Back to Journals » Open Access Emergency Medicine » Volume 11

Histopathological evaluation of autopsy cases with isolated pulmonary fat embolism (IPFE): is cardiopulmonary resuscitation a main cause of death in IPFE?

Authors Turkmen Samdanci E, Reha Celik M, Pehlivan S, Celbis O, Turkkan D, Ozdemir Kara D, Pamukcu E

Received 12 November 2018

Accepted for publication 24 April 2019

Published 7 June 2019 Volume 2019:11 Pages 121—127

DOI https://doi.org/10.2147/OAEM.S194340

Checked for plagiarism Yes

Review by Single-blind

Peer reviewer comments 2

Editor who approved publication: Dr Hans-Christoph Pape


Emine Turkmen Samdanci,1 Muhammet Reha Celik,2 Sultan Pehlivan,3 Osman Celbis,4 Dilhan Turkkan,3 Dogus Ozdemir Kara,3 Esra Pamukcu5

1Department of Pathology, School of Medicine, Inönü University, Malatya, Turkey; 2Department of Thoracic Surgery, School of Medicine, Inönü University, Malatya, Turkey; 3Pathology Laboratory, Council of Forensic Medicine, Ankara Group Chairmanship, Ankara, Turkey; 4Department of Forensic Medicine, School of Medicine, Inönü University, Malatya, Turkey; 5Department of Statistics, Faculty of Science, Fırat University, Elâziğ, Turkey

Background: Fat embolism (FE) may develop following many traumatic and atraumatic clinical conditions; however, fewer data exist regarding the occurrence of isolated pulmonary FE (IPFE). Cardiopulmonary resuscitation (CPR) is an emergency procedure for maintaining blood circulation and oxygenation during cardiac arrest. In this study, we aimed to evaluate the association of CPR with IPFE in autopsy cases.
Methods: A total 402 cases among 4,118 autopsies were diagnosed with IPFE, and the medical background of these cases was retrospectively evaluated. Diagnosis of FE and FE grading were performed with histopathological examinations of postmortem tissue samples, and injury-severity scores of traumatic cases were assessed. Data of traumatic and atraumatic cases were statistically compared.
Results: Of the IPFE cases, 298 (741%) were male and 104 (25.9%) female, with overall mean age 53.7 (2–99) years. Causes of death of studied subjects were traumatic for 302 (75.1%) and atraumatic reasons for 100 (24.9%) cases. CPR was performed for 277 cases of which 177 (63.9%) were traumatic and 100 (36.1%) were non-traumatic. . In comparison to traumatic cases, significantly higher CPR frequency was determined in atraumatic IPFE (P=0.001). High grade FE in the traumatic cases, and mild-moderate grade of FE in the nontraumatic cases were found statistically significant(P=0.001).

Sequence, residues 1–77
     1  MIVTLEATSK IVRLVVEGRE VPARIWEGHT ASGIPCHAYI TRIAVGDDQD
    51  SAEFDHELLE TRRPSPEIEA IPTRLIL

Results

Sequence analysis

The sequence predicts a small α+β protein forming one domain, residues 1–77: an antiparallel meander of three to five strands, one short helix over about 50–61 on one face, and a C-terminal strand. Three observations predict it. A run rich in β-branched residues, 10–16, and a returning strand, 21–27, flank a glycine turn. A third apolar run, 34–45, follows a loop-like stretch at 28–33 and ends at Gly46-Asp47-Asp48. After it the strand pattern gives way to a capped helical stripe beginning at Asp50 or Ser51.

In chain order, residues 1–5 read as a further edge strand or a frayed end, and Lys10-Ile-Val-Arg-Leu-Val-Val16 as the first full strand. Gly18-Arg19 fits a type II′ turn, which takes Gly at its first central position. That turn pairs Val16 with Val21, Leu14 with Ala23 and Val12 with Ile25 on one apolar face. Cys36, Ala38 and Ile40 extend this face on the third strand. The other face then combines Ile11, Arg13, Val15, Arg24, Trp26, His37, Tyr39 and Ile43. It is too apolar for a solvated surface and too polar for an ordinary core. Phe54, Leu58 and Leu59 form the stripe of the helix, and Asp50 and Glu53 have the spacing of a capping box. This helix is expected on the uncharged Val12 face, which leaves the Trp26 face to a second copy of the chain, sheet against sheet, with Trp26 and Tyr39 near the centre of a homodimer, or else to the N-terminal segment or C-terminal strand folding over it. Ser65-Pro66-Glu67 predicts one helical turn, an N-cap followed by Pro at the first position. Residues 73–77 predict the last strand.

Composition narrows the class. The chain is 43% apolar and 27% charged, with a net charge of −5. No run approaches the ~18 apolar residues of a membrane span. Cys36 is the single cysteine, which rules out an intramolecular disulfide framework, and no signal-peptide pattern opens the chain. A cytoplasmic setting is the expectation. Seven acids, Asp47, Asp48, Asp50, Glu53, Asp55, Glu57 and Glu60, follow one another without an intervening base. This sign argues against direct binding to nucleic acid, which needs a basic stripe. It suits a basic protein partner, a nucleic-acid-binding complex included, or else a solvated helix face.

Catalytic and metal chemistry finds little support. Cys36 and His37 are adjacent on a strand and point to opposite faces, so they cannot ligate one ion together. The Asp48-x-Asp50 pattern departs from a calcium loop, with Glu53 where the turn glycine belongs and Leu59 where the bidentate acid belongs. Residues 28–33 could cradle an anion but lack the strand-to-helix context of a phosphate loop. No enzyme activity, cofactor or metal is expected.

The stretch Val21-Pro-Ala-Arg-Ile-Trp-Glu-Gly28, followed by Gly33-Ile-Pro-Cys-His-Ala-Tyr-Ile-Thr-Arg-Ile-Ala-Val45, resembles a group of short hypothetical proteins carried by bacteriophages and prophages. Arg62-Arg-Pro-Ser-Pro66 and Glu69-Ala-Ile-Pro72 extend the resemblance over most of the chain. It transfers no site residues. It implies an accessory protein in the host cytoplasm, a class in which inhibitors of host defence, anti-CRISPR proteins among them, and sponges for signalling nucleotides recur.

Conclusion: This study indicates that CPR may be one of the leading factors in the development of IPFE in atraumatic conditions, and this procedure was related to mild–moderate IPFE manifestations. Regardless of whether conditions were traumatic or atraumatic, in patients who survive following CPR for manifest ventilation/perfusion problems, it should be remembered that IPFE may have developed due to CPR.

Keywords: cardiopulmonary resuscitation, CPR, fat embolism, pulmonary embolism, autopsy

Creative Commons License This work is published and licensed by Dove Medical Press Limited. The full terms of this license are available at https://www.dovepress.com/terms.php and incorporate the Creative Commons Attribution - Non Commercial (unported, v3.0) License. By accessing the work you hereby accept the Terms. Non-commercial uses of the work are permitted without any further permission from Dove Medical Press Limited, provided the work is properly attributed. For permission for commercial use of this work, please see paragraphs 4.2 and 5 of our Terms.

Download Article [PDF]  View Full Text [HTML][Machine readable]